1300.1.55.001 - Statistics News NSW, Sep 2007
ARCHIVED ISSUE Released at 11:30 AM (CANBERRA TIME) 27/09/2007
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Latest snapshot of NSW
The standardised death rate for NSW has continued to decline in recent years. The 2005–06 preliminary standardised death rate for NSW was 5.97 deaths per 1,000 population, lower than the rate of 6.87 deaths per 1,000 population in 2000–01. The 2005–06 preliminary Total Fertility Rate for NSW was 1.808 births per woman, higher then the 1.781 births per woman recorded for 2000–01. Updated figures for both fertility and mortality will be available in the March 2007 edition of Australian Demographic Statistics due for release in late September 2007. For quarterly information on these and other key demographic indicators see Australian Demographic Statistics, December 2006 (cat. no. 3101.0)
Population data and 2006 Census Rebasing
Starting with the December 2006 issue of Australian Demographic Statistics (cat. no. 3101.0), ABS estimated resident population (ERP) data for the recent intercensal period (September quarter 2001 to June quarter 2006) have been updated using information from the 2006 Census of Population and Housing (2006 Census). The recent releases of Population by Age and Sex, Australia, 2006 (cat. no. 3235.0) and Regional Population Growth, Australia, 1996–2006 (cat. no. 3218.0) were also the first releases of 2006 Census based ERP data for Local Government Areas (LGAs).
Population by Age and Sex in New South Wales
The age profile in the Sydney Statistical Division (SD) is generally younger than that of SDs in the balance of NSW, reflecting the predominance of working age people in Sydney's age profile. In 2006, the Sydney SD recorded a median age of 35.5 years and the largest proportions for both males and females were in the 30–34 year age group (8.1% each). In the balance of NSW, by contrast, the Mid-North Coast SD had the highest median age in the state (43.4 years). Reflecting the older age structure in the balance of NSW, 72% of the 110 non-metropolitan LGAs had proportions of older people greater than that of the state as a whole. For annual information on these figures see Population by Age and Sex, Australia, 2006 (cat. no. 3235.0)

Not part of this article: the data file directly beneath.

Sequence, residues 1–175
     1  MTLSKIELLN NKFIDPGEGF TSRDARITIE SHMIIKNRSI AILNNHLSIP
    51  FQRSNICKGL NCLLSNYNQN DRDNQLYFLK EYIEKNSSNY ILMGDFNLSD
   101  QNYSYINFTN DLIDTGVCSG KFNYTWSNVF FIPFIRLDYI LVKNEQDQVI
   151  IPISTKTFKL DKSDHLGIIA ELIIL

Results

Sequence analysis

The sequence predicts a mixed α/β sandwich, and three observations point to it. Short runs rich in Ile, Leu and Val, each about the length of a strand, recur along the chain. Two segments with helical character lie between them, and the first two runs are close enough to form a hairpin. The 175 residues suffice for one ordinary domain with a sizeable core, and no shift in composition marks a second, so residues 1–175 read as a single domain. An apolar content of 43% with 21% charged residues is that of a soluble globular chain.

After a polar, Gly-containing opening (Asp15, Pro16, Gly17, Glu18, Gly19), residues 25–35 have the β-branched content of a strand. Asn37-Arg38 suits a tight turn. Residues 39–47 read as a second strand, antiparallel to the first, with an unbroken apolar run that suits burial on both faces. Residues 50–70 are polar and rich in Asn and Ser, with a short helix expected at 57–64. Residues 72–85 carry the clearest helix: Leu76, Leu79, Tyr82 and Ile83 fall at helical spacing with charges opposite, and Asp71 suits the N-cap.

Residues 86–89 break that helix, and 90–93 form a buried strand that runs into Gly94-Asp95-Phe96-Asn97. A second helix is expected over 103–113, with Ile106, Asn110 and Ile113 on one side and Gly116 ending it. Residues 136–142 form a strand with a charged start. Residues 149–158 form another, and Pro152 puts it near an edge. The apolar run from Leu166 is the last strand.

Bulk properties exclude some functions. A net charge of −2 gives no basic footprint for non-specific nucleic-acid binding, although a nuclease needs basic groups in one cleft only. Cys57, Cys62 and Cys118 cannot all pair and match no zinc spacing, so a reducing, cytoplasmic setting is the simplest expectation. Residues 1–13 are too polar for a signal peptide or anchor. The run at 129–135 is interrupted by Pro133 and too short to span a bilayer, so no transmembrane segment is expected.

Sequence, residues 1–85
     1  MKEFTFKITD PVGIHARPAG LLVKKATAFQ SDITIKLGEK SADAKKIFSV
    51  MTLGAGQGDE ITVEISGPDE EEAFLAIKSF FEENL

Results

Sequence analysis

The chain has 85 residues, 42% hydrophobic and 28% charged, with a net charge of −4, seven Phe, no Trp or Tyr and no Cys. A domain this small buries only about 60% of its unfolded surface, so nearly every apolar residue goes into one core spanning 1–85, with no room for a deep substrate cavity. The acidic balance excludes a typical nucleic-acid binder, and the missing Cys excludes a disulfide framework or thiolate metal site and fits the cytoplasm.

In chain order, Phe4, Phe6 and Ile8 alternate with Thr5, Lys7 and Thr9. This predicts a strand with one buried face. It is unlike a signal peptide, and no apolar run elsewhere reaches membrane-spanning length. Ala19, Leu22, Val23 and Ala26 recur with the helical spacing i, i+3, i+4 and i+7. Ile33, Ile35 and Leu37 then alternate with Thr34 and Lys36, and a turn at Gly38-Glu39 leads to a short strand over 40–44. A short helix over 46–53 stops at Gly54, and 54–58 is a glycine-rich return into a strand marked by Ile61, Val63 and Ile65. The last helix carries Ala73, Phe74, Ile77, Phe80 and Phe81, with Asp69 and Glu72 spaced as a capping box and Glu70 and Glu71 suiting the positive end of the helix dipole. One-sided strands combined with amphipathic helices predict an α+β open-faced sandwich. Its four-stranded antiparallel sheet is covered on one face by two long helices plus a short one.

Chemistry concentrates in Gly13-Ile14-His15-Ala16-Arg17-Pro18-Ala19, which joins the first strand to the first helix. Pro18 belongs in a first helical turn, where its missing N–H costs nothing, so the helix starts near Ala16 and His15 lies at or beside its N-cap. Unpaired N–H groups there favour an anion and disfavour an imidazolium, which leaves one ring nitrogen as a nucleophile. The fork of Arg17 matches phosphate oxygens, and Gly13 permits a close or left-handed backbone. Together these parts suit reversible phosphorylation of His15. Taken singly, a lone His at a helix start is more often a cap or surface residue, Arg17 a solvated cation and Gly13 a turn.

Age and Sex Distribution, Sydney Statistical Division and Balance of NSW, 30 June 2006
Source: Population by Age and Sex, 2006 (cat. no. 3235.0)
Regional Population Growth, New South Wales – 2006 Census Rebased Data
At June 2006 the centre of population for NSW was in the Local Government Area (LGA) of Hawkesbury. Between June 2001 and June 2006 the centre moved approximately 1.7 kilometres eastward, reflecting the continued growth in LGAs along the coast of NSW. The centre of population of the Sydney SD at June 2006 was located in the suburb of Ermington, just north of the Parramatta River.
Between June 2001 and June 2006, NSW’s five largest increases in LGA populations occurred in the Sydney SD. During this period, the inner city LGA of Sydney had the largest and fastest population growth of all LGAs in NSW, growing by 34,900 people at a rate of 4.9% each year. The largest growth in coastal LGAs in NSW occurred in the Tweed LGA (up 8,400 people or 2.2% per year), while the Maitland (up 8,300 people or 2.8% per year) and Queanbeyan (up 4,100 people or 2.3% per year) LGAs, recorded the largest growth of inland LGAs.
LGAs which had the fastest population declines in the five years to June 2006 were inland areas of NSW that have been affected by the recent drought. For information on these figures see Regional Population Growth, Australia 1996 to 2006 (cat. no. 3218.0).
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